There is an area called a cultivar garden of hybrid plantings. Within it is a dry bed lined with some lemon eucalyptus trees and other types of trees and bushes. The mid morning sun was breaking through the tall bushes and trees and with a small field easel and about three pigments, I was able to catch the brilliant sun beams casting across the field and the tree trunks.
Mid-winter means the sun is still a little low in the horizon and is just beginning to hint at the position it will soon be at in spring. There is a quality of the softer light that inspires that feeling one gets when the air is clear and clean and also both warm and cool.
This painting was done in the brisk shade, looking down the path that leads past the nature preserve and garden in Carbon Canyon. This is a return trip, probably the third one, to this area that has captured my attention. This area was recently on fire, and some of the area showed signs of being scorched. The trees that appear here were also subjects of the other paintings done around this location. Fortunately the main trunks survived and restoration of the area is underway.
I like the height of the trees so I’m mostly responding to the massing of the shapes and how that creates a composition on the canvas. It seems to set up for a “Californian” as well as a European sensibility. That’s the goal, anyway.
The sun was setting rapidly in the native nature garden. If I was going to paint this then it was going to have to happen fast. The garden was in half sun and half shadow. Each color was placed where it was with one or two strokes and left there, then on to the next one until the canvas was completed.
I had a deep connection to the plein air practice of painting while creating this view from El Dorado Park. There was a recognition of the timelessness plein air painting has. The thought has occurred to me more than once, but never more so than on this outing.
The materials and equipment used in outdoor painting goes back hundreds of years. Although many of the master painters did outdoor sketches, not many of them were seen. During those days the sketches were not considered works of art in and of themselves as we see them today. The “Masters” sketches were usually referenced later in the studio for their “real” paintings.
That perception changed during the Barbizon and Impressionism periods. Artists, (particularly Monet) eventually became known specifically for their outdoor work that was usually done in a very short period of time.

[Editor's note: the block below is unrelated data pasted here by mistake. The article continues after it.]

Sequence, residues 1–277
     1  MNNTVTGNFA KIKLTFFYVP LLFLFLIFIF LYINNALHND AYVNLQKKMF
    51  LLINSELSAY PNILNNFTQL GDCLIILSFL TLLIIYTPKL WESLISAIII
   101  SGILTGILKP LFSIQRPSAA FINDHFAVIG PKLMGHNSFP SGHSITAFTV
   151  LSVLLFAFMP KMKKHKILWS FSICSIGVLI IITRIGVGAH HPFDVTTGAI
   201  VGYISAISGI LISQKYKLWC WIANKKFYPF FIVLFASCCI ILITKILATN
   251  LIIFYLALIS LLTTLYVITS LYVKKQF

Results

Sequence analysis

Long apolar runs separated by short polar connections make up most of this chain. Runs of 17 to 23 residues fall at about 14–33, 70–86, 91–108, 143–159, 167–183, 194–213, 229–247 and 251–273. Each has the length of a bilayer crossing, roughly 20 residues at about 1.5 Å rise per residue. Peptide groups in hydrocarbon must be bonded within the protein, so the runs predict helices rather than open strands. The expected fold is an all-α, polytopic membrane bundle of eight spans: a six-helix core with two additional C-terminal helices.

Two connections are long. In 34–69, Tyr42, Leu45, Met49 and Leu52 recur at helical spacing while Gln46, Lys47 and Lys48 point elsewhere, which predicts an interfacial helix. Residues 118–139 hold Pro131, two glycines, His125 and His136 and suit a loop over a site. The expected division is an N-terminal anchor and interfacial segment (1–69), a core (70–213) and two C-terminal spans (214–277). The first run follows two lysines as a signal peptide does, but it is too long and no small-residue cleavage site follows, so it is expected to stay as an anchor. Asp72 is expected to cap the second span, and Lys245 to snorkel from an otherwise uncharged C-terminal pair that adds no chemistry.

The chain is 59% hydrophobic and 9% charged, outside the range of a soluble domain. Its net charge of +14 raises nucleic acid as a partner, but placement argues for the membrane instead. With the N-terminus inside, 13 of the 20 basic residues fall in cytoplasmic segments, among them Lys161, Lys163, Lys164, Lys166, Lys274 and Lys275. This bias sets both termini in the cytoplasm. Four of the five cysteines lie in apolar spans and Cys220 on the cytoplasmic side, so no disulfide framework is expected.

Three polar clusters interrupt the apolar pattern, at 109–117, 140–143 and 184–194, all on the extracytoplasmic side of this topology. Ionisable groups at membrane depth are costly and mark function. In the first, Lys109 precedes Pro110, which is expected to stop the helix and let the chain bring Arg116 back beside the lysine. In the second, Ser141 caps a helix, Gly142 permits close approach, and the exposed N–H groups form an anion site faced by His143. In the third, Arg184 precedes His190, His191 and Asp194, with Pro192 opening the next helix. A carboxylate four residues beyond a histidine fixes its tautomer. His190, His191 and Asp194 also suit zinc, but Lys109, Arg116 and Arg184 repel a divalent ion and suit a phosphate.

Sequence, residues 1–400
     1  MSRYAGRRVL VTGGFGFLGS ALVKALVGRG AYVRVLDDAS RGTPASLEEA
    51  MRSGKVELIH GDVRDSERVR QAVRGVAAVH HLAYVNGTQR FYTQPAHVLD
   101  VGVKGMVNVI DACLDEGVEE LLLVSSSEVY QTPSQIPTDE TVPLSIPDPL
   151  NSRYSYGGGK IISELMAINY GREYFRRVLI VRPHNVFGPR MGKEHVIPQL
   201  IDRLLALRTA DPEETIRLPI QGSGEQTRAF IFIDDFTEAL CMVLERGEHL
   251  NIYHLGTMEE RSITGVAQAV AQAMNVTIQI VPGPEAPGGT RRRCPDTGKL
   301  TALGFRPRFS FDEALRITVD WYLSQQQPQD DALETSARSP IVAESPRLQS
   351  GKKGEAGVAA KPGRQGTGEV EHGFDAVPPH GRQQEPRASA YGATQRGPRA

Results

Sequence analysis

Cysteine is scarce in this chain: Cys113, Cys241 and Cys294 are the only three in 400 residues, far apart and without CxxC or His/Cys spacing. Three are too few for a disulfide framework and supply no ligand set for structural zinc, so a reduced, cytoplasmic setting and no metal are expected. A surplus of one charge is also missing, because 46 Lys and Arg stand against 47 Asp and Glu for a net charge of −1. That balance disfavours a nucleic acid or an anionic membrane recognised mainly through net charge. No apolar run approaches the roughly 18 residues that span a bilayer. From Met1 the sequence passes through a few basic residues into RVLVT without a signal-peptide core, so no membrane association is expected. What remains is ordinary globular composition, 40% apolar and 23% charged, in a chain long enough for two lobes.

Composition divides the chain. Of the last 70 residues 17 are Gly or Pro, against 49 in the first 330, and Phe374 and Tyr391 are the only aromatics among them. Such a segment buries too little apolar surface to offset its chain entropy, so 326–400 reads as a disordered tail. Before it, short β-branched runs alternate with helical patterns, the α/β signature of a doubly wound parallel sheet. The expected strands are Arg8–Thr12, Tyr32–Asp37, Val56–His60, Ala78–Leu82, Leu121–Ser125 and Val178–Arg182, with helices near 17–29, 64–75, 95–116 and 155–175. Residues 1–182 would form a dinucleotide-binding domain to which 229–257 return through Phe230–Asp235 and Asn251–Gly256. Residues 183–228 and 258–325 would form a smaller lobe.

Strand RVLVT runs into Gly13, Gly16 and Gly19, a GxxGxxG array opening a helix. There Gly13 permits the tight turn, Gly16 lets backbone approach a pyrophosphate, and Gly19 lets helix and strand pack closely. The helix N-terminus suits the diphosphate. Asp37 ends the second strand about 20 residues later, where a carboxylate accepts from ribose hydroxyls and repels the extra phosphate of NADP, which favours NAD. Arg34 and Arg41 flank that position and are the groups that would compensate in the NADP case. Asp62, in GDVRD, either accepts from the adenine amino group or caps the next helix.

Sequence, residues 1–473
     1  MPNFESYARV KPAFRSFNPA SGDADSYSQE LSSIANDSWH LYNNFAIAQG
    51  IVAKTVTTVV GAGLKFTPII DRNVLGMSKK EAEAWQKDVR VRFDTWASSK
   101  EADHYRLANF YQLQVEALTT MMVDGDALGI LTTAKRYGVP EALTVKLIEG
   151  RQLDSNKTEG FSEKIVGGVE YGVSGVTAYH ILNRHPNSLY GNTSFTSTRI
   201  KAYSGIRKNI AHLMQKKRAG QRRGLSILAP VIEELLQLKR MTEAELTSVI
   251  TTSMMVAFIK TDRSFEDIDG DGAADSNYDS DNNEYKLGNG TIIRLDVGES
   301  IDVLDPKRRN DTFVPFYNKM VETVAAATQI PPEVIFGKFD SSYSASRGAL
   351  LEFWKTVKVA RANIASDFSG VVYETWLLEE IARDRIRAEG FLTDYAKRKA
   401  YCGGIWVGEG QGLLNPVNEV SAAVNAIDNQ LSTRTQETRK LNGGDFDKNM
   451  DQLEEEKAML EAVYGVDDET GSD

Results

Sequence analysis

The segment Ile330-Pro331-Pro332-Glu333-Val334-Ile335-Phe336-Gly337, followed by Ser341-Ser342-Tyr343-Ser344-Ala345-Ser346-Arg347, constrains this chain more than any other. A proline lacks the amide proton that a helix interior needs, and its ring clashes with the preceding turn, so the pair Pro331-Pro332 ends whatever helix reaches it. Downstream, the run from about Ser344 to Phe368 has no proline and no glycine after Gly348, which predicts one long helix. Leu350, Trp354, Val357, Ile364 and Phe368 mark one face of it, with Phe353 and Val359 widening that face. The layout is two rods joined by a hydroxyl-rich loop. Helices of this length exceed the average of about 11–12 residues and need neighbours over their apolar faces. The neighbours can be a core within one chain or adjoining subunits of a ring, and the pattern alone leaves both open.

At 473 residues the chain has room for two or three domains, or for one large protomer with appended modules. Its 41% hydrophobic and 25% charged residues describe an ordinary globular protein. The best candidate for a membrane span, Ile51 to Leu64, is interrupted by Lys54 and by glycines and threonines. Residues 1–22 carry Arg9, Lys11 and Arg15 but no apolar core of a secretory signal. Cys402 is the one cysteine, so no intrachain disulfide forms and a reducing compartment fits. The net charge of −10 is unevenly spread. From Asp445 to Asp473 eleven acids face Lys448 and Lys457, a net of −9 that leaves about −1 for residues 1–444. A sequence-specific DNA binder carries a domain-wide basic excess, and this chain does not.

In the same manner as my predecessors, this painting was done with the traditional equipment. I had a wooden easel, a palette, a hand stretched canvas and some newly acquired oil paints manufactured from a 19th century process. Laying out the colors, assessing the scene and laying on the first strokes is how nearly every outdoor painting starts. Rousseau, Monet, Pissarro, all did it this way. Now I am doing it too! Continuing the tradition in this timeless practice was very present this day while painting this picture.
I painted this view from Carbon Canyon while visiting a town called Brea. The town was established on the northeast corner of Orange County, CA, many years ago. It was known mostly for the oil business around the area and as a small pioneer town once called Olinda. Some of the oil fields are still there, nestled in Carbon Canyon. Part of the canyon is a regional park where many people now hike and ride their horses.
This painting was done at the very east end of the park where the trails drop down to a loop around a small hill. The fenced in area is now a native plant garden. Like many places in Orange County, the setting sun provides a particular golden glow that has been captured by many artists and photographers. This is a beautiful area during certain times of the day and is full of history.
Part of the richness of California History can still be experienced at any of the several Ranchos and Adobes that are still maintained throughout the State. Here at Rancho los Cerritos (in Long Beach), and as part of the Arts Council of Long Beach, the Calico Band performed under the giant fig tree that still stands for about a century.
They are fantastic musicians and song writers, inspired by the lore and history of the area, producing a western style bluegrass / folk music sound with a few rock-a-billy under currents.
I painted them while they were performing. Afterword, the band really took an interest and a small crowd gathered to have a look. It was a wonderful evening, being there and listening to the group. Please take a moment to visit their website (https://www.calicotheband.com) and go see them live if you can. They perform nationally and even internationally! They super nice people, too.